What is a patent?
A patent is an agreement between a Government and an inventor (or assignee) where the inventor is granted a set of exclusive rights in exchange for detailed public disclosure of an invention, thereby stimulating research and development. In return, the inventor is granted a time-limited monopoly on the invention. Generally, the term of the monopoly is 20 years, but this can be extended in the case of certain pharmaceutical and veterinary products.
Patents confer the right to prevent third parties from making, using or selling the invention without their owners’ consent and the patent system is designed to encourage inventions that are unique and useful to society.
Can anything be patented ?
There are certain criteria to be met before you will be granted a patent. In most countries, your invention will have to be found to be novel (new), inventive (non-obvious), as well as being found to have a use (utility). In most European States a patent may not be obtained for certain subject matter, such as methods of treatment of the human or animal body, computer programs, business methods, and plant varieties.
How long does the process take?
There are several steps in the process which involves filing of the application, issuing of a search report by the Patent Office, publication of the application 18 months after filing, examination of the Application, and finally granting the patent. This process generally takes between 3 and 5 years, depending on the country. However, in Ireland and certain other countries it is possible to obtain a patent without a substantive examination process. These patents are known as Short Term Patents, Utility Models, or Innovation Patents, and they generally have a lower requirement for inventive step, as well as having a shorter term of protection.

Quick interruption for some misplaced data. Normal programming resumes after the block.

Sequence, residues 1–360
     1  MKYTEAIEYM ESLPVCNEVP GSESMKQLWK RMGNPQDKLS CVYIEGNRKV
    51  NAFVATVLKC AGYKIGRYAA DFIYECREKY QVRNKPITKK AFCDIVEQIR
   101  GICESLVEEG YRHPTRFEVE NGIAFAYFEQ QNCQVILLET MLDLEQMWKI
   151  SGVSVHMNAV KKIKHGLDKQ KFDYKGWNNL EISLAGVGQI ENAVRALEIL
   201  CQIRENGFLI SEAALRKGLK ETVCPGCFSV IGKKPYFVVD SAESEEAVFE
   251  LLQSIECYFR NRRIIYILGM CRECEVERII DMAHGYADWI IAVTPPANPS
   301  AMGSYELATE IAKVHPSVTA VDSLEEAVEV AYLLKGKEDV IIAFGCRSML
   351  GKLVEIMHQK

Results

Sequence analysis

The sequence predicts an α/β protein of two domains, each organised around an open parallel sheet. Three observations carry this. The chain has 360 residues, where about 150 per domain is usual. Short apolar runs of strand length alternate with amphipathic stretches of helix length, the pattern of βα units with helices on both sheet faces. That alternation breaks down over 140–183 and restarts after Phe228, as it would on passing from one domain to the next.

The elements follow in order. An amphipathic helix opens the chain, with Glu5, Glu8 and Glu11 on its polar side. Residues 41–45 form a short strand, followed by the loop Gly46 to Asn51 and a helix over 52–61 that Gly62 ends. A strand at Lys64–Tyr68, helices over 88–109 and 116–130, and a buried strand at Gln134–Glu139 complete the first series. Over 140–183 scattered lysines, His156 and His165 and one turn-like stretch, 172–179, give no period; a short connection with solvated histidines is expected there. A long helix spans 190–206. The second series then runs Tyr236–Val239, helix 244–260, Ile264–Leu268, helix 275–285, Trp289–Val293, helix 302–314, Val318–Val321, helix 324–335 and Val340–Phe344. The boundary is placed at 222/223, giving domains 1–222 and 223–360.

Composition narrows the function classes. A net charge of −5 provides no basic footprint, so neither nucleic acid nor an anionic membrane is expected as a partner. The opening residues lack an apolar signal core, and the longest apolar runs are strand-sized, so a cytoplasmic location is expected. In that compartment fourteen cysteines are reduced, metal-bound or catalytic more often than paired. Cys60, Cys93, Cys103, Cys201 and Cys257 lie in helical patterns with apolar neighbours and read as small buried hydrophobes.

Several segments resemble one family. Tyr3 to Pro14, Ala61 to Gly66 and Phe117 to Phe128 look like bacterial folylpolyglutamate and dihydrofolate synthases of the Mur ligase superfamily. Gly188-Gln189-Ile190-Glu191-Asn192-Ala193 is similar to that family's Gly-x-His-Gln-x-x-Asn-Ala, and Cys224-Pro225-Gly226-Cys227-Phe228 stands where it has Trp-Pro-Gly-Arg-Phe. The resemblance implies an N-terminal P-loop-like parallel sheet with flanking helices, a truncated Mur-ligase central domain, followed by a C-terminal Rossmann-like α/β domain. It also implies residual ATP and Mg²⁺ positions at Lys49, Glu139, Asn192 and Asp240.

The procedure for granting patents, requirements placed on the patentee, and the extent of the exclusive rights vary between countries according to national laws and international agreements. Typically, however, a granted patent application must include one or more claims that define the invention. A patent may include many claims, each of which defines a specific property right. These claims must meet relevant patentability requirements, such as novelty, usefulness, and non-obviousness.
What should I do if I think I have a useful invention?
It is essential that you keep the details of the invention confidential, as any public disclosure of the invention prior to filing a patent application is likely to prejudice your chances of obtaining a valid patent in most countries in the world (the United States being one notable exception).
Patents should not be confused with the other kinds of intellectual property rights available which include: